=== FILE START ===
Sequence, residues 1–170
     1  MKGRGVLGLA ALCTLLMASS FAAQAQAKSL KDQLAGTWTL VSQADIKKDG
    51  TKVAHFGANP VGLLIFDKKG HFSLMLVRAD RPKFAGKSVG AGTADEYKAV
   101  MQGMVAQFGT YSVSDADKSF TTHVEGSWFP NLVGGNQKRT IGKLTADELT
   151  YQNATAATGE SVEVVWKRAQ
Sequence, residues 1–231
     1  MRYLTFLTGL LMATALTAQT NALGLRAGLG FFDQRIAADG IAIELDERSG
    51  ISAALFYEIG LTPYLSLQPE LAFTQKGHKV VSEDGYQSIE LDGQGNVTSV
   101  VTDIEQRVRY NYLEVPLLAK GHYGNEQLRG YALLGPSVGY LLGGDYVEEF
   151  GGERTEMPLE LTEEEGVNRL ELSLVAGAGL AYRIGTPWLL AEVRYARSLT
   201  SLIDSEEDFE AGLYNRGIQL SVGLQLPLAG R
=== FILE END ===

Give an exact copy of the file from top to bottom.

Sequence, residues 1–170
     1  MKGRGVLGLA ALCTLLMASS FAAQAQAKSL KDQLAGTWTL VSQADIKKDG
    51  TKVAHFGANP VGLLIFDKKG HFSLMLVRAD RPKFAGKSVG AGTADEYKAV
   101  MQGMVAQFGT YSVSDADKSF TTHVEGSWFP NLVGGNQKRT IGKLTADELT
   151  YQNATAATGE SVEVVWKRAQ
Sequence, residues 1–231
     1  MRYLTFLTGL LMATALTAQT NALGLRAGLG FFDQRIAADG IAIELDERSG
    51  ISAALFYEIG LTPYLSLQPE LAFTQKGHKV VSEDGYQSIE LDGQGNVTSV
   101  VTDIEQRVRY NYLEVPLLAK GHYGNEQLRG YALLGPSVGY LLGGDYVEEF
   151  GGERTEMPLE LTEEEGVNRL ELSLVAGAGL AYRIGTPWLL AEVRYARSLT
   201  SLIDSEEDFE AGLYNRGIQL SVGLQLPLAG R